A local beloved artist, Eugene Swain, was tragically killed in a car accident Saturday at the intersection of Sandy Creek Road and Bostwick Highway. His wife, Glenda Swain, remains hospitalized, clinging to life in critical condition after the wreck.
Eugene Swain, 61, of Buckhead, was a painter heavily involved with the local museums and art programs, known for his unique creations depicting rural, southern life.
“What a loss for our community. I have been distraught ever since hearing the news. He and his wife are great people,” said Madison Mayor Fred Perriman and board member of the Morgan County African American Museum (MCAAM). “He was our resident artist at the MCAAM and we want the community to remember him for the talented artist that he was. He lived a life committed to his family, to his church and to his community. He will be missed at the MCAAM and we will soon honor his legacy.”
The family of the Swains are devastated at the loss of Eugene and are hopeful for Glenda to make it through her severe injuries.
“My father was our backbone and it is going to be hard moving on knowing he is not here with us,” said Shambrica Swain, Eugene and Glenda’s daughter. “We are going to miss him every day. He taught us so much. He was our go-to person whenever we needed anything. He was always there for his girls. My mother is stable but still in critical condition. She is responding to us by opening her eyes and squeezing our hands. We would like everyone to continue to pray for my mother and our family. My mother will have a long recovery ahead of her.”
Swain’s locally-focused artwork has resonated with people from the region for decades. Swain’s paintings primarily focus on disappearing relics of the rural south, such as deteriorating barns, farmhouses, slave sharecropper cabins, rusting tools and farming equipment amidst the backdrop of rural Georgia scenery. His work has been displayed in various local exhibits, including the MCCAM, the Madison Artists Guild, and the Steffen Thomas Museum of Art. But Swain’s art is not just appreciated in Morgan County, but featured in galleries across the country.
According to the MCAAM, Swain had been an artist most of his life, learning to draw pictures of his surroundings at an early age. He started to paint in oils in 1981 and up until 1985, his paintings were done for family, co-workers and friends. His early works were mostly portraits. In 1985 he started doing arts-and-craft shows and selling his work to the public. Swain expanded to doing commission work in acrylic and oils in later years. His work is on display in local galleries and across the United States. According to Swain’s artist bio from Abandoned Rural America, “Eugene was born in the Southern historic town of Madison. He attended Springfield school for a short time until they were moved to Pearl High and Elementary in the mid 1960s where he was always busy drawing. When he graduated from High School he never gave up on his dream of becoming an artist. Eugene spent most of his early years creating one thing or another, mostly toys that his parents were unable to buy him when he was little. He would make cars, trucks, campers and other toys that he liked. In the 80s he started experimenting with water-colors. At this time he was painting mostly portraits for family and friends. What he really wanted to paint though were old houses and barns. He began using oils to do his paintings and today he paints with acrylics. Eugene likes traveling the back roads of rural Georgia to take photos of old barns, houses, and cows as subjects adding his own unique style to his paintings. Eugene also likes creating models of the old farm houses and barns that he comes across using whatever materials that he can find around the structures, sometimes using wood from the abandoned buildings. He is also a self-taught musician and plays the guitar each Sunday at the Plainview Baptist Church, his family’s home church.”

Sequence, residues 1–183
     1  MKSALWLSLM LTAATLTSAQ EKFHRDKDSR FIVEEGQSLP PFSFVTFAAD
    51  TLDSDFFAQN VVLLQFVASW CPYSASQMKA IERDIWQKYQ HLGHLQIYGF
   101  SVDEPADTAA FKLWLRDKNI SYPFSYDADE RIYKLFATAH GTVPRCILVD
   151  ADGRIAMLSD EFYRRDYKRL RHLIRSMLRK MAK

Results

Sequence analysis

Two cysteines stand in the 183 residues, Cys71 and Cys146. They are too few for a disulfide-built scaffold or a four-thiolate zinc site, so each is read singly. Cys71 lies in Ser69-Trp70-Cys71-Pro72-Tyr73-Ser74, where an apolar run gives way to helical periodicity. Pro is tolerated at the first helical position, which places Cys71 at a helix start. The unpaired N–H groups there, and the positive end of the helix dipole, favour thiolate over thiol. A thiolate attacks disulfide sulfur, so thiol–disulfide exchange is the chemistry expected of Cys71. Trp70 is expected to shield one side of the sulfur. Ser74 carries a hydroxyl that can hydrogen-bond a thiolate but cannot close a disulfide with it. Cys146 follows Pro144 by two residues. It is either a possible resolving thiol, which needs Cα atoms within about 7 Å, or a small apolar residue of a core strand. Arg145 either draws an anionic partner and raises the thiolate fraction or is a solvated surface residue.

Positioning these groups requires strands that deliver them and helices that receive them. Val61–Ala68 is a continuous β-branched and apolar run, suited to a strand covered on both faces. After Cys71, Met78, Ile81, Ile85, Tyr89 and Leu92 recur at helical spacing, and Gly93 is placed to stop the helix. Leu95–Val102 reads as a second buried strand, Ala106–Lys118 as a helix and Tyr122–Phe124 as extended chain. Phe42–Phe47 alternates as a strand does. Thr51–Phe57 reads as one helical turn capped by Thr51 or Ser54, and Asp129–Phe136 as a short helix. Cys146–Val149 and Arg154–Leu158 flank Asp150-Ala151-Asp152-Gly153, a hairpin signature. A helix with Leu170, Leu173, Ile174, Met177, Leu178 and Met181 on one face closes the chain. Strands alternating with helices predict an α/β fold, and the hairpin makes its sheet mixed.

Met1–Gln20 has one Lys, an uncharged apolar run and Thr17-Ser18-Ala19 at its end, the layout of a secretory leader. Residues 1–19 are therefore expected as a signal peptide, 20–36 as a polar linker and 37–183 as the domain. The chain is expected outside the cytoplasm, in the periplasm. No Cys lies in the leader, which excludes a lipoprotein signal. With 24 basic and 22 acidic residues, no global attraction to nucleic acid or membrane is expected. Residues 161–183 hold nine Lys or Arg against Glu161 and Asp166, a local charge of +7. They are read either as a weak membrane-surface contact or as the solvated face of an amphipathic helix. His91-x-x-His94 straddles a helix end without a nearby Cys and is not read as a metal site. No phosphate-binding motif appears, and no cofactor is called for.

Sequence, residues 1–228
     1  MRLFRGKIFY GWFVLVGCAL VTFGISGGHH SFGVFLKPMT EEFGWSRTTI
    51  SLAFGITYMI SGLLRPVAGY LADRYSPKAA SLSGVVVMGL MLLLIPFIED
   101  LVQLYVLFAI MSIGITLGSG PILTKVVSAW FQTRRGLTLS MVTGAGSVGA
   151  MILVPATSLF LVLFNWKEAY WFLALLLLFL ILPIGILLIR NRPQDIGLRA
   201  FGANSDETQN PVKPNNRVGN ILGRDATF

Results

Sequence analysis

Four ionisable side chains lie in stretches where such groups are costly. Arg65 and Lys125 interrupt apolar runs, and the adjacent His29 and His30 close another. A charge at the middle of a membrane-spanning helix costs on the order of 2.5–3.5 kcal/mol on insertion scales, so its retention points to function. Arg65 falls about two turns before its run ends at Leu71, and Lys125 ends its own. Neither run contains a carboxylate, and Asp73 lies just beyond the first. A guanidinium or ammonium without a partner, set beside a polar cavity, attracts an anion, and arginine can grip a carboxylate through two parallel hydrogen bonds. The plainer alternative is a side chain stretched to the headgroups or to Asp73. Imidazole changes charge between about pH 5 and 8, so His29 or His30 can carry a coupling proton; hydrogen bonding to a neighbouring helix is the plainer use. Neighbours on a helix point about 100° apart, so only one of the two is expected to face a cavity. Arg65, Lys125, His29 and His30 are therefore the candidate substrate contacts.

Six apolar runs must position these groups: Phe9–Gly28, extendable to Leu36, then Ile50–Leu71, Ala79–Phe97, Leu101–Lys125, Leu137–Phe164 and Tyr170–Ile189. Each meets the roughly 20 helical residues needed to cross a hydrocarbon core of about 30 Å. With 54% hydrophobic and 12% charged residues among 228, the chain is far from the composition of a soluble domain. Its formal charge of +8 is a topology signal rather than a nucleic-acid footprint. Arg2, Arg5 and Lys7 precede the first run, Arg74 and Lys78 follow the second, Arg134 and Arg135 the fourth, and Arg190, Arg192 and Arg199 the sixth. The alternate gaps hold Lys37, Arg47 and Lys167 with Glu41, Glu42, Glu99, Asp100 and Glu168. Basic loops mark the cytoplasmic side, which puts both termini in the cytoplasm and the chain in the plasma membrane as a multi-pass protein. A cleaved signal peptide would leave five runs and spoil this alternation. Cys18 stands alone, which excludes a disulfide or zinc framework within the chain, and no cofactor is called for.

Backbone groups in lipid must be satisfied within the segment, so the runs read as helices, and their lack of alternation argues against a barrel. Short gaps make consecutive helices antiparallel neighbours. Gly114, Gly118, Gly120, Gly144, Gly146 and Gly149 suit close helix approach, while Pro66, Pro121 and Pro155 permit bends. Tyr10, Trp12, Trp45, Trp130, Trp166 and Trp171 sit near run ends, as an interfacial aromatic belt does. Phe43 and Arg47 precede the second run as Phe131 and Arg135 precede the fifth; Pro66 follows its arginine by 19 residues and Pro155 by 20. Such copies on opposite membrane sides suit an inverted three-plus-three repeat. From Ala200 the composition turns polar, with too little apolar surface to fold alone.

Every year, Swain designed a logo for the Cotton Gin Festival in Bostwick. Organizers for this year’s Cotton Gin Festival in October, will use some of Swain’s art on T-shirts and other mediums to sell and raise money for his family.
“While Eugene was a talented artist, those of us in Bostwick knew him best as a Christian man who loved his family. His death and his wife Glenda’s injuries have shocked and saddened the community,” said Angie Howard, one of the Cotton Gin Festival organizers. “As a long-time artist of the Bostwick Cotton Gin Festival, his humble demeanor made him a pleasure to work with. For over 10 years, his paintings captured the essence of our farming community. Eugene had a unique way of capturing what farming means to so many through his artistic perspective. The Bostwick Cotton Gin Festival Committee is currently making plans to honor his memory and express their appreciation for his commitment to the success of past festivals. We plan to donate a portion of this year’s festival shirt sales to the family.”
While the Swain family is grieving, they are overwhelmed with outpouring of love for Eugene and Glenda.
“I would like to thank everyone for all their love and support through these difficult time,” said Shambrica Swain.
Eugene is survived by his wife Glenda, his children, Shambrica Swain, Eugina Swain, Titus Walker, and Bernard Walker; and grandchildren Kourtney Elder, Lorenzo Swain, Jeremiah Grimsley, Gavin Grimsley, TyQueria Walker, JaQuez Burke, Jalen Walker, Janiya Dumas, Taniya Walker, Tanaya Walker, Bernardriahna Walker, and Javonte Dumas.